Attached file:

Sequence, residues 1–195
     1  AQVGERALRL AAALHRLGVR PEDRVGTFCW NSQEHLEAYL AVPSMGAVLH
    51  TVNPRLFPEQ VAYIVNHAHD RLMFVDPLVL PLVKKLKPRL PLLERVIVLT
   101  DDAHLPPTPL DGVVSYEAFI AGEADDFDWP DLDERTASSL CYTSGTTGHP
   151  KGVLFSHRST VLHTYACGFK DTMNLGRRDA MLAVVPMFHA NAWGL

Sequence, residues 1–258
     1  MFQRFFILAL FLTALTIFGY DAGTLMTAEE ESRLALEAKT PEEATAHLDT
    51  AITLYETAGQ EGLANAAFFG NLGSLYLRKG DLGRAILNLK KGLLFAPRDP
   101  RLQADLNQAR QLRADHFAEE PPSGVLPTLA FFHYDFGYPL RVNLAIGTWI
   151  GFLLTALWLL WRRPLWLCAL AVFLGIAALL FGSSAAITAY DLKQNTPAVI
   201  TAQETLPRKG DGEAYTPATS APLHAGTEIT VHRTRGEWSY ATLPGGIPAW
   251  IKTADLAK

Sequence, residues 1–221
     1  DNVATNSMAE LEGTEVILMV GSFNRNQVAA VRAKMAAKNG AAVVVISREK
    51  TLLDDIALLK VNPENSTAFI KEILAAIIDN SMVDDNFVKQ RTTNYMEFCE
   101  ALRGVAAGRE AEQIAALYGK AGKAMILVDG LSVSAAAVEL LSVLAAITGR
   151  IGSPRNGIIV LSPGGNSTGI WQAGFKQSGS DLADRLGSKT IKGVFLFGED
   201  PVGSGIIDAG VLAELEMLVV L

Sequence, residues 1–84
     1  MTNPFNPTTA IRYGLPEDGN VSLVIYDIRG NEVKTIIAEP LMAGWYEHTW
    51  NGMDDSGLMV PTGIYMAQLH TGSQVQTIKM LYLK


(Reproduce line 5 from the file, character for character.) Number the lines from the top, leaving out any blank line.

   151  KGVLFSHRST VLHTYACGFK DTMNLGRRDA MLAVVPMFHA NAWGL